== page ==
Recently, we had a matter where our client’s husband was claiming that as a black couple married before 1988, their marriage was automatically out of Community of Property as their marriage fell within the realm of the Black Administration Act 38 of 1927. Below we explore the differences between Black Marriages and Customary Unions:
1. Before 1988, civil marriages by black persons were governed by Section 22(6) of the Black Administration Act 38 of 1927. In terms of the Act, black marriages that took place before 1988 were automatically out of Community of Property (i.e. with the exclusion of profit and loss). If a couple wished to be married in Community of Property, they were required to declare this, jointly, before a magistrate, Bantu affairs commissioner or marriage officer. Such declaration had to be made at least one month prior to the marriage ceremony. This was, however, only possible where a husband was not already a party to a customary union with another woman. Section 22(6) was repealed in 1988 by the amendment of the Act, bringing black marriages in line with civil marriages recognised under the Marriages Act of 1961; i.e. black marriages are now automatically in Community of Property.
2. Customary marriages on the other hand were referred to as “customary unions” and were not recognised as legal/valid marriages. Therefore, there were no legal implications when a male partner concluded a civil marriage whilst they were part of a customary union. This subsequent marriage resulted in the customary union being dissolved. Customary unions were also regulated by Section 22 of the Black Administration Act.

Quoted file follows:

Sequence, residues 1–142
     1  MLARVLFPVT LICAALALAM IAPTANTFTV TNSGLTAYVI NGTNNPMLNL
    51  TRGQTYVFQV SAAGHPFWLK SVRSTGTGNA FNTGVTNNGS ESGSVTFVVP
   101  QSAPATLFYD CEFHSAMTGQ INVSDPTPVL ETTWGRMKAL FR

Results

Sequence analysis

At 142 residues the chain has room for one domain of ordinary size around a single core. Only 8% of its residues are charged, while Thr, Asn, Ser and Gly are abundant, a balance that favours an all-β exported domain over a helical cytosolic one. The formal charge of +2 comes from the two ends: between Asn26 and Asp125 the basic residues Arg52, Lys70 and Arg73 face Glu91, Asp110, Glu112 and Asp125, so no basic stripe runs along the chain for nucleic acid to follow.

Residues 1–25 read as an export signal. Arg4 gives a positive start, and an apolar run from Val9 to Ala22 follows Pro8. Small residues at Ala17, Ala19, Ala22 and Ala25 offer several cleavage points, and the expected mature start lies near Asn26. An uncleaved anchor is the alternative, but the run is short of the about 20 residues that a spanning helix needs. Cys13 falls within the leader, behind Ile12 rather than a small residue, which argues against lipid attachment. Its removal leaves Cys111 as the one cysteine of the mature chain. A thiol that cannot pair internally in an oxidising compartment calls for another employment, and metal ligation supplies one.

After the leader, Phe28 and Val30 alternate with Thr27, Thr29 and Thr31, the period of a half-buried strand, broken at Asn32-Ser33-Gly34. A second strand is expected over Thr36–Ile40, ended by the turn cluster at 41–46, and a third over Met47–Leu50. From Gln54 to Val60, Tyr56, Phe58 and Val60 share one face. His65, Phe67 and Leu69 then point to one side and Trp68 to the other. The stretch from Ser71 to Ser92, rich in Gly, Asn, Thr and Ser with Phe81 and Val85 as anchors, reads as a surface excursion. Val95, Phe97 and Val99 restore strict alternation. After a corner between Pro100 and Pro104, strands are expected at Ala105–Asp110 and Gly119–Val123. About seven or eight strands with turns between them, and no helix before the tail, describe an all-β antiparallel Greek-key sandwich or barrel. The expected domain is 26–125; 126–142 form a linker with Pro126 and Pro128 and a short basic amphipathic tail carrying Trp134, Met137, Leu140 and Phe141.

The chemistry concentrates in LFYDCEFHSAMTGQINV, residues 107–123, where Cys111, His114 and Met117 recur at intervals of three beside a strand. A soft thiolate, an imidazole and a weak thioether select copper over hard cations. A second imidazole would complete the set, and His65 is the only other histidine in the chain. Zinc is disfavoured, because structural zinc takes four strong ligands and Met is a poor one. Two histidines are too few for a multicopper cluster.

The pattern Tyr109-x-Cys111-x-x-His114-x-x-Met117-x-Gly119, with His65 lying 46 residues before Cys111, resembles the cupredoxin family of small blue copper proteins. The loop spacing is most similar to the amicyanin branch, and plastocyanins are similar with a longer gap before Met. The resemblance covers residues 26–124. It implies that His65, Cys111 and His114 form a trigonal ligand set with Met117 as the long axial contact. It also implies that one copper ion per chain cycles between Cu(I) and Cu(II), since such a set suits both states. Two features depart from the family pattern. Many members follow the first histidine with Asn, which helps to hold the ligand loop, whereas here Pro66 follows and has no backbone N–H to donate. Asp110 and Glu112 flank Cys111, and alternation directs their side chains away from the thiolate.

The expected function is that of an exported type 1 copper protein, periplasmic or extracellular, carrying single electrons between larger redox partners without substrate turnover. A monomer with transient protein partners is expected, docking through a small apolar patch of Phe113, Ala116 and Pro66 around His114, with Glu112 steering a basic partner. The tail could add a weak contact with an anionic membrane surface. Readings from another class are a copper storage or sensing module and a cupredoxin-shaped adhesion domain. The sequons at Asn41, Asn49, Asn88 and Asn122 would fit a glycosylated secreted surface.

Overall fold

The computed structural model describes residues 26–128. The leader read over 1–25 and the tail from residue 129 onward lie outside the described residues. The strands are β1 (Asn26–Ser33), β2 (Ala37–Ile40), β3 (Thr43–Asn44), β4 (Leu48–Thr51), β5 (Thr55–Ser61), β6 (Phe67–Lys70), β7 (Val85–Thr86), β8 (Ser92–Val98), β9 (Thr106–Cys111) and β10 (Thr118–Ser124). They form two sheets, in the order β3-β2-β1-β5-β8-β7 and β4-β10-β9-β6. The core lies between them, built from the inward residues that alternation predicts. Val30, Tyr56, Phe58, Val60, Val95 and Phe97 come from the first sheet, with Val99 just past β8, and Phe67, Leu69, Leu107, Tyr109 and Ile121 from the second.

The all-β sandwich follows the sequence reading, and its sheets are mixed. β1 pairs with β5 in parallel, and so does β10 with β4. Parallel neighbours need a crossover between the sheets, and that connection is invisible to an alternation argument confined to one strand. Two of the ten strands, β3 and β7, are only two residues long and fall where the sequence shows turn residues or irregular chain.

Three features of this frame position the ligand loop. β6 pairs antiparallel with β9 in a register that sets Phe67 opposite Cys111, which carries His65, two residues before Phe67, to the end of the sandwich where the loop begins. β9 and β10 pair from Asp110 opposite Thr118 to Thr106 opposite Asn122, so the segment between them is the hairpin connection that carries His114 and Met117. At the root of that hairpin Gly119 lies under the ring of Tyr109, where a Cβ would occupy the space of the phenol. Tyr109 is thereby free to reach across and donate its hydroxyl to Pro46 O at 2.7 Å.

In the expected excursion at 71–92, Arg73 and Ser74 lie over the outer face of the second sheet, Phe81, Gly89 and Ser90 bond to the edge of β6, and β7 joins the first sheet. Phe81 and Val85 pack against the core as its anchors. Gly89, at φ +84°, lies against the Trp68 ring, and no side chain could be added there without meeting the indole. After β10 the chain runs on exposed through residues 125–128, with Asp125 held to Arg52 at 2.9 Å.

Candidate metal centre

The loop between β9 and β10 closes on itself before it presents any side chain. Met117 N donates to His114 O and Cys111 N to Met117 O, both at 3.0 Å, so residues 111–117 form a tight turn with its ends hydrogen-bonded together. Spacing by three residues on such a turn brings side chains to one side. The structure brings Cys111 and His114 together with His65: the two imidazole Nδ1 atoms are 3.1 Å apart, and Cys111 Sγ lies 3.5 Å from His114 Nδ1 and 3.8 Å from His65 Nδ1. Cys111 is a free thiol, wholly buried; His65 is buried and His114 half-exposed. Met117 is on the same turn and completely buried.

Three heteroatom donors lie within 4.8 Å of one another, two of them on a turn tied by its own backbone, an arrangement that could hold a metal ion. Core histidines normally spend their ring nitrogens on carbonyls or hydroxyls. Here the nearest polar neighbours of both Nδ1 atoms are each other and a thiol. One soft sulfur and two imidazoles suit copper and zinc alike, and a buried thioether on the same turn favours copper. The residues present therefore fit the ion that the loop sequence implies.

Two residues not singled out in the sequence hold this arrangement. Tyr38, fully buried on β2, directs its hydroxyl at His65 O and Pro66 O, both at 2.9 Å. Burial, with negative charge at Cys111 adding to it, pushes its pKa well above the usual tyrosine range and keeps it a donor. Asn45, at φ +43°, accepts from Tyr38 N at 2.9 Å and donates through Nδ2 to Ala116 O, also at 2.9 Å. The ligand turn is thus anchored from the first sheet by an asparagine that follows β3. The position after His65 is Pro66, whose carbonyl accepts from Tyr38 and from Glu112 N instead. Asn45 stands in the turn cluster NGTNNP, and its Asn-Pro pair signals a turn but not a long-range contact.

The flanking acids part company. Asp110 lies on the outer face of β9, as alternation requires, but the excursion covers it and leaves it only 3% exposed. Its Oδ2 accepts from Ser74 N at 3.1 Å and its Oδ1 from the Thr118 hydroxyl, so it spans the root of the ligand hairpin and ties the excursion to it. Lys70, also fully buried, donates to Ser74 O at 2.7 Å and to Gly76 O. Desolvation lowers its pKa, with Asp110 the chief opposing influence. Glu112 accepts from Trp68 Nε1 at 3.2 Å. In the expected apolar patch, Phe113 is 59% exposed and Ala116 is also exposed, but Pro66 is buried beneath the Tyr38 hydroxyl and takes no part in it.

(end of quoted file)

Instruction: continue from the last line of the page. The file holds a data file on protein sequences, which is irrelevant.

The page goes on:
These unions were not recognised as legal marriages because they were potentially polygamous and were not solemnised by authorised marriage officers as was required by the Marriage Act 25 of 1961. They were seen as a contract between two family groups rather than two individuals, involving payment of a “bride-price” known as ilobolo.
In 1988, section 22 was amended by the Marriage and Matrimonial Property Law Amendment Act. This Act prohibited a husband of a customary union from contracting a civil marriage with another woman whilst the customary union still existed. Currently however, customary marriages are regulated by the Recognition of Customary Marriages Act 120 of 1988 and are recognised as valid marriages if the requirements in Section 3 of the Act have been complied with.
Author: Phindile Mdluli (Candidate Attorney) (TMJ PMB Office)
Tel: 033 341 9100
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